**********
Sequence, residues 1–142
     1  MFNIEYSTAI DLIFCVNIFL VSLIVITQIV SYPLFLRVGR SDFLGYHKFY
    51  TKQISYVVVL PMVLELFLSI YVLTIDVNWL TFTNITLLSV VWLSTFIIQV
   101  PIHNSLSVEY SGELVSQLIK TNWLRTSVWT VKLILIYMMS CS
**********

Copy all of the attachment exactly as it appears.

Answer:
Sequence, residues 1–142
     1  MFNIEYSTAI DLIFCVNIFL VSLIVITQIV SYPLFLRVGR SDFLGYHKFY
    51  TKQISYVVVL PMVLELFLSI YVLTIDVNWL TFTNITLLSV VWLSTFIIQV
   101  PIHNSLSVEY SGELVSQLIK TNWLRTSVWT VKLILIYMMS CS